“Outside of the technology adoption and project planning necessary for a passwordless world, there are more here-and-now things that businesses have to work on,” he explains.
At the onset, businesses must take an inventory on two fronts; services that a business provides itself requiring passwords and services that a business consumes from other providers requiring passwords. “While this might seem like a trivial exercise, there is much to be learned,” Nathan says. “How much are these businesses relying on shadow IT and third-party SaaS services?”
He adds the next critical work businesses must do is to plan for what I think of as the pre-post-password world. “It's the transition time between passwords and passwordless,” he notes. “How will they effectively provide two different user experiences simultaneously?”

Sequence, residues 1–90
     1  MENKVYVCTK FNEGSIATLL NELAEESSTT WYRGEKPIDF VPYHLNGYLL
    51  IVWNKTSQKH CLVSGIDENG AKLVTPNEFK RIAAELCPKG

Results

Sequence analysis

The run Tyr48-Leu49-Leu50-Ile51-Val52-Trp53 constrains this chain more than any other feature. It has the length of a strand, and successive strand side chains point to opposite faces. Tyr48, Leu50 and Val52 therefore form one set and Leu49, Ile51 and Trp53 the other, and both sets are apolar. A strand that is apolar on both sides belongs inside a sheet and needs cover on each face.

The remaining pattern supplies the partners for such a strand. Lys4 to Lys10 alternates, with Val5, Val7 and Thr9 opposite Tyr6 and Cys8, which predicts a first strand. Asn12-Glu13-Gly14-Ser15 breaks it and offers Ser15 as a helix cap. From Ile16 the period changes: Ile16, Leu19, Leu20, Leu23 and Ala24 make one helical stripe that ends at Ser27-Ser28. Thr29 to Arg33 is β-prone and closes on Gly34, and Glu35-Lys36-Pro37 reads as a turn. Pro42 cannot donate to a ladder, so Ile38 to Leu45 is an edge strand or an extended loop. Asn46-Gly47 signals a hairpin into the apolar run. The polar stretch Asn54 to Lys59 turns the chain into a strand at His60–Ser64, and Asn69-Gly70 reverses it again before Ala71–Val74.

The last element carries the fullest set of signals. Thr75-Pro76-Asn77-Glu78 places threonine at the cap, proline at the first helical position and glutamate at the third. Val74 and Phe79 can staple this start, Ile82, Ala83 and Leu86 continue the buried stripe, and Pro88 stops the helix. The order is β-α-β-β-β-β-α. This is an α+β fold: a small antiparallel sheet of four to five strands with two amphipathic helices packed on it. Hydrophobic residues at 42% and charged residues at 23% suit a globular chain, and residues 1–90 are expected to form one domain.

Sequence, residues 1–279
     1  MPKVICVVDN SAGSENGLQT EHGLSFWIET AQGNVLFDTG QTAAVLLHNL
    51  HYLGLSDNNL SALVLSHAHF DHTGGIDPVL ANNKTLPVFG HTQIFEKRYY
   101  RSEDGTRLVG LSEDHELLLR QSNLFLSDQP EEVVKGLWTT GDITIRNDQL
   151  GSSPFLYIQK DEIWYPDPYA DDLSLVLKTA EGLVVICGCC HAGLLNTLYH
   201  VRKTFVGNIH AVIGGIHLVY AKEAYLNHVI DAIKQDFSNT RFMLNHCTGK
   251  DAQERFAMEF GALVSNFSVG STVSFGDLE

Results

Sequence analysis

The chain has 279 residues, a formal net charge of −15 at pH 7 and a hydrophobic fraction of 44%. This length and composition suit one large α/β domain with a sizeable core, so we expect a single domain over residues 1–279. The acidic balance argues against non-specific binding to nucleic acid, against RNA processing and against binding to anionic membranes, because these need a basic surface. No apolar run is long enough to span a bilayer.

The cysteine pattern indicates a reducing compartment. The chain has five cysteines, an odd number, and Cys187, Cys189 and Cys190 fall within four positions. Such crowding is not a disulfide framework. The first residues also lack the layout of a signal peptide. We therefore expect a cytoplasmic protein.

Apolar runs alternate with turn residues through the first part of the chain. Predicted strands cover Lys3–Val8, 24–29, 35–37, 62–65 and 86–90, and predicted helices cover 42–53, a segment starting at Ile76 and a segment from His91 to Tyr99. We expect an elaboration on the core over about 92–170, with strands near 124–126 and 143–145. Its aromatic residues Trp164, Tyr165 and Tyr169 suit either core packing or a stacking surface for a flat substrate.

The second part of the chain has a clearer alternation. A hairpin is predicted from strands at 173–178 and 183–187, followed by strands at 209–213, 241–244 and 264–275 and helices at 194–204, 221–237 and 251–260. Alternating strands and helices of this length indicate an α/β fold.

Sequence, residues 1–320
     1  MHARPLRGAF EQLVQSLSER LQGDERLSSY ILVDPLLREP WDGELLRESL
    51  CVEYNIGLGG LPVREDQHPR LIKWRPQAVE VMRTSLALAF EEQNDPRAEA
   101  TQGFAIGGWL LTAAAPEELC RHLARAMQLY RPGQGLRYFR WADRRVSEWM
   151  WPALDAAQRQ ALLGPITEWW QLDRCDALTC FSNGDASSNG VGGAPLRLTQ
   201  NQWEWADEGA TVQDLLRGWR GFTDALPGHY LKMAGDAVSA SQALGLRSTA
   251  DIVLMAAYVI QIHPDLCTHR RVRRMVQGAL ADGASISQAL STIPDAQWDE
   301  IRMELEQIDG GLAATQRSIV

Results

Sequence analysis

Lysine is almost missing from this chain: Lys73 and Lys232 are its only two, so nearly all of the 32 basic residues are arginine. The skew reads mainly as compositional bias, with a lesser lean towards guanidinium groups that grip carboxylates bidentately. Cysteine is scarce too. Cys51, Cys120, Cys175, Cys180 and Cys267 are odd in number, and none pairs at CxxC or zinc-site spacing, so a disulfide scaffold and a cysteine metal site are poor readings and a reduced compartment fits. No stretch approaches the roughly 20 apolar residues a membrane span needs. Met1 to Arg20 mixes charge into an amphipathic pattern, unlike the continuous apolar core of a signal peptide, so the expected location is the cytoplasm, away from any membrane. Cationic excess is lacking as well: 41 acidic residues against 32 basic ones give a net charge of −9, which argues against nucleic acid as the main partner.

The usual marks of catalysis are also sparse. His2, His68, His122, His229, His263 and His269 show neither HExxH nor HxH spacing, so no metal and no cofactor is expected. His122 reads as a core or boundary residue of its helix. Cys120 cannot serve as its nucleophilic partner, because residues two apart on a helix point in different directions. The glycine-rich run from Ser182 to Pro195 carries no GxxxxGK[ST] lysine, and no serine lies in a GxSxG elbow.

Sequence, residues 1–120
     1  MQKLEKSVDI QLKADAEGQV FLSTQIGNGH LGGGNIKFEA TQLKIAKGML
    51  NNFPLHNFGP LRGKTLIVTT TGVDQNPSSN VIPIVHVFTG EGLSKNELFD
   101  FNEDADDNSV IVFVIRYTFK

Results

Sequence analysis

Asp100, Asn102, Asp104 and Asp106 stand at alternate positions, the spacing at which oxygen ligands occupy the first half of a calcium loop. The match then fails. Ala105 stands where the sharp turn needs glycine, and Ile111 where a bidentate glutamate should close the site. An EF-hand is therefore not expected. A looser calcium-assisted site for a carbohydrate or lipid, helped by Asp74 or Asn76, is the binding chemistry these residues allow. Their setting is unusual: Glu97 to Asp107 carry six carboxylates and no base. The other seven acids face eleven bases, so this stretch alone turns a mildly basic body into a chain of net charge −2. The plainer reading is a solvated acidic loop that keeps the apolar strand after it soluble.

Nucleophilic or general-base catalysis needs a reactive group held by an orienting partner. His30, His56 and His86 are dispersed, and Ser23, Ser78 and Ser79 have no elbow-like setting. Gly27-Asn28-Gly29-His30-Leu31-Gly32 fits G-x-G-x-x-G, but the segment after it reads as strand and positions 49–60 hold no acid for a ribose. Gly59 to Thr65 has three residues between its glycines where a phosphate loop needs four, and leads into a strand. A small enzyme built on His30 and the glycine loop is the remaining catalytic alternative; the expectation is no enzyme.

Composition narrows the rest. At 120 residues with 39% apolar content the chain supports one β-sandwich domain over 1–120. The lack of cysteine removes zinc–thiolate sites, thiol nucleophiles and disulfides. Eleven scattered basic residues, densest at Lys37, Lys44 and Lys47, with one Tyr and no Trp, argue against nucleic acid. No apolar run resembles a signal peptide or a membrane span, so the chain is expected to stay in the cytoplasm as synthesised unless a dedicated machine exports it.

Carson agrees that there are many advantages to a passwordless authentication experience and that is no longer requiring users to create and think of complex passwords which are often difficult to remember, resulting in password reuse.
“The more that organizations move to a passwordless authentication experience will force attackers to move to alternative methods, such as social engineering techniques to gain access,” he explains. “The threats do not go away; they simply evolve continuing to focus on abusing users trust.”
The passwordless authentication experience has been mostly focused on user interaction identities, however, many machine identities still require passwords such as IoT devices, endpoints, servers, applications, and services.
“It will be a long time before these can move away from passwords,” Carson says.